According to the latest World Robotics Report, annual sales stand, globally, at more than $16 billion. And while the IFR forecasts that shipment may recede somewhat in 2019 but, by 2022 we can expect annual growth of around 12% every year.
2018 was a record year even while the main robotics customers — the electrical, electronic, and automotive industries — struggled through a tough year.
Certainly, the trade conflict between the US and China posed, and still does, no small amount of uncertainty. And in situations like this, many customers postpone investments such as automation. But for the first time ever, robot installations have topped the 400,000 per year mark. And by 2022, that number is expected to surpass 580,000.
Right now, Asia holds the largest industrial robot market share. 2018 saw the Republic of Korea and China decline, while Japan saw a considerable increase. In total, though, Asia saw an overall growth of 1% while in Europe, the second-biggest market, that figure stood at 14%, reaching a six-year high.
Meanwhile, in the Americas, growth jumped more than 20% from 2017, another six-year high.
Top Five World Robot Markets
Although almost every country is involved in the robot market, there are five that stand head and shoulders above the rest. These countries have taken a collective 47% of the global installations for 2018. Those markets are Japan, China, the Republic of Korea, Germany, and the United States.
China is, and has long been, the largest market, with a 36% share of installations. In 2018 more than 150,000 units were installed, around 1% less than 2017, but more than the entire installation number in the Americas and Europe combined. The total value of installations was $5.4 billion, a number 21% more than 2017.
Robot suppliers in China increased their total installation share of the domestic market by around 5%, a result that is in line with the policy to promote the domestic markets in China. By the same token, foreign supplies dwindled by 7%, a decline caused in part by a weaker automobile industry.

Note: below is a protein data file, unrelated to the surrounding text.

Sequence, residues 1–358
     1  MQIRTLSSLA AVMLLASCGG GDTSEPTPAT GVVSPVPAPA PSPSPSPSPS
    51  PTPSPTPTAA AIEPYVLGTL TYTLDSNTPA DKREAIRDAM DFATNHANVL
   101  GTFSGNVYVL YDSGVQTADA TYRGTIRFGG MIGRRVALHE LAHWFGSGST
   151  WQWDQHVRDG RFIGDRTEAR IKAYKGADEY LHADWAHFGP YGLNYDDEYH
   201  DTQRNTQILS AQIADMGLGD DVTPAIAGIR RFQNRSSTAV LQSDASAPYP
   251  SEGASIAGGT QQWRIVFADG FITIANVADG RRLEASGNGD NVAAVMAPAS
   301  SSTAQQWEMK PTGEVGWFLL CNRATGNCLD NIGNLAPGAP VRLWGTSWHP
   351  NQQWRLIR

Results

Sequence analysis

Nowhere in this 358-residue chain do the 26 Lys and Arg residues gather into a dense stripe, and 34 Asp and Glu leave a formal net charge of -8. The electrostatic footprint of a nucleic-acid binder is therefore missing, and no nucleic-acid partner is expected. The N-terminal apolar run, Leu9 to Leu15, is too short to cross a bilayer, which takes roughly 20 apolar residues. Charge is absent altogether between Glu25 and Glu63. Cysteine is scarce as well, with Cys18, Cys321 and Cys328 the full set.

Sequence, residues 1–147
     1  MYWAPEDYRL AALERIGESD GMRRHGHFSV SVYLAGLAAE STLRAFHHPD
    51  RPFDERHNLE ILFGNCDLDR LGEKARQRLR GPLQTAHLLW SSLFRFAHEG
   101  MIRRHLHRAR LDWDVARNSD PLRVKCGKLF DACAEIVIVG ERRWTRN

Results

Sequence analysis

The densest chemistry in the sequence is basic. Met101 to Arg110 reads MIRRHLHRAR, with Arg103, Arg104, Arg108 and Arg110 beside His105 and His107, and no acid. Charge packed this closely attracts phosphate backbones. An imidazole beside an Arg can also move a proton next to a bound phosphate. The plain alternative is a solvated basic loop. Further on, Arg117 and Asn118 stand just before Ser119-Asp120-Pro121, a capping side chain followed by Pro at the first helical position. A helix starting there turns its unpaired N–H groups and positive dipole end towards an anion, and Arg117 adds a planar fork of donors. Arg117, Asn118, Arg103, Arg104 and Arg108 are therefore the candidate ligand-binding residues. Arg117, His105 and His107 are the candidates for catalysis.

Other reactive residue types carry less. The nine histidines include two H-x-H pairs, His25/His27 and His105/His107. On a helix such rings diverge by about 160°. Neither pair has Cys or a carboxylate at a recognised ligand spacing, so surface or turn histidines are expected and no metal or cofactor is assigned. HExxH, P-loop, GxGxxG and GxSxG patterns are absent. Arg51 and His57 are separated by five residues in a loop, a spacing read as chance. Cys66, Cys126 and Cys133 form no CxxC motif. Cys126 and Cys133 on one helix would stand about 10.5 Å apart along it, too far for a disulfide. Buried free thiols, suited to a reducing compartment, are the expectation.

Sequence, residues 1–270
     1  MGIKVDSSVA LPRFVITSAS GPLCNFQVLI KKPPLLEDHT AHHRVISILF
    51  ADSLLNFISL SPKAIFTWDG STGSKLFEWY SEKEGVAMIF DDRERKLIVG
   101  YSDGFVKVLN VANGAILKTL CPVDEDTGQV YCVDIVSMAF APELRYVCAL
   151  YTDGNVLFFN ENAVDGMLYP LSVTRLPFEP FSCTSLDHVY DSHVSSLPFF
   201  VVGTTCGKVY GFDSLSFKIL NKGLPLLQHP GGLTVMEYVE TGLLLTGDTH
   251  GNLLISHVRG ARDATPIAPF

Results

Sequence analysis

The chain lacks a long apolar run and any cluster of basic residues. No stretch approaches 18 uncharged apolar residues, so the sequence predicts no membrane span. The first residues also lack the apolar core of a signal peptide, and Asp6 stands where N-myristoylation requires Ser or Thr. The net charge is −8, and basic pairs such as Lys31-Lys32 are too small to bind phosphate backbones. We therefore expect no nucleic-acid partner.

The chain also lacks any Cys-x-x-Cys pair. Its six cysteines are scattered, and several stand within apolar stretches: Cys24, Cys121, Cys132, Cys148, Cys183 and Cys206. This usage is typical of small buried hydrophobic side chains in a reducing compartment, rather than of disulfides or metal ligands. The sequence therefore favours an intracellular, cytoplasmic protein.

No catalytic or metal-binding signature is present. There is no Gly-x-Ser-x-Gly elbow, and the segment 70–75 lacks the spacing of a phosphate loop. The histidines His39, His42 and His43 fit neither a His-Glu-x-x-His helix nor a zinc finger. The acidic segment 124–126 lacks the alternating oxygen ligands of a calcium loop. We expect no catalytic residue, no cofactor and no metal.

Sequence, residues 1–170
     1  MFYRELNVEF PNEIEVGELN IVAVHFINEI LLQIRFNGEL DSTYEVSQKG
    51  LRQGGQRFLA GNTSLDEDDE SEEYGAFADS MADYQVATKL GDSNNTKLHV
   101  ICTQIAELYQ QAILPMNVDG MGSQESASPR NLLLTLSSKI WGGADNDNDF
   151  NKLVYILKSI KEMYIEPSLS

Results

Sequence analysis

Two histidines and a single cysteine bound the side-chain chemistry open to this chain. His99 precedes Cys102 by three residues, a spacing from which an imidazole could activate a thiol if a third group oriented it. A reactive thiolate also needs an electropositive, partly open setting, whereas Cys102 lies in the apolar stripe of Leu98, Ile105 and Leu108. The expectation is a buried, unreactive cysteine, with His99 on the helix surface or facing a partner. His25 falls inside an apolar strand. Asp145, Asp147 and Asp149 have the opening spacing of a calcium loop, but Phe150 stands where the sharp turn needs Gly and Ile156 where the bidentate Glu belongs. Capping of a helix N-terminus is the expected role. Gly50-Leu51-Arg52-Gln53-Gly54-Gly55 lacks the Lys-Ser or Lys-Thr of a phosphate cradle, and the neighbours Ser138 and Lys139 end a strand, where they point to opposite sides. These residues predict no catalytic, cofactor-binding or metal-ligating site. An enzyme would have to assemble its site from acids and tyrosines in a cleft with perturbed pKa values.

In Japan, there was an increase in robot sales of 21%, an installation of a figure of around 55,000 units. This is representative of the country’s highest value to date. An average growth of 17% per year in the last 6 years is good going for a market that already features high automation levels in their industrial production markets. Japan is the number one manufacturer in the world of industrial robots and 52% of the global supply came from Japan in 2018.
The USA saw an increase in robot installations for the eighth year running, peaking at just over 40,000 units in 2018, up 22% from 2017. Since 2010, it is the ongoing production automation trend that is driving this growth as a way of strengthening US domestic and global market economies. As far as annual installations go, the country is third, pushing Korea into fourth.
In the Republic of Korea, installations dropped by 5%, with just 38,000 unit selling in 2018. The robot market depends very strongly on the electronics industry, one that suffered a tough year. But installations have increased by an average of 12% year on year.
The fifth-largest in the world, Germany is also the number one robot maker in Europe, followed closely by Italy and France. Most installations are driven by the automotive industry.
In terms of numbers of robots worldwide, production is accelerating fast. We now have an average global density of 74 robots per 10,000 employees. That is up from 66 in 2015. By region, the average density in Europe is 99 per 10,0000, in the Americas, it is 84, and in Asia, 63.
The top 15 countries in the world, right now, are:
- South Korea: 631 per 10,000
- Singapore: 488 per 10,000
- Germany: 309 per 10,000
- Japan: 303 per 10,000
- Denmark: 211 per 10,000
- United States: 189 per 10,000
- Italy: 185 per 10,000
- Spain: 160 per 10,000
- Canada: 145 per 10,000
- France: 132 per 10,000
- Switzerland: 128 per 10,000
- Australia: 83 per 10,000
- United Kingdom: 71 per 10,000
- China: 68 per 10,000
- India: 3 per 10,000
Of course, this list will change each year. But the top countries are likely to remain in roughly the same positions as the number of robots rises year on year.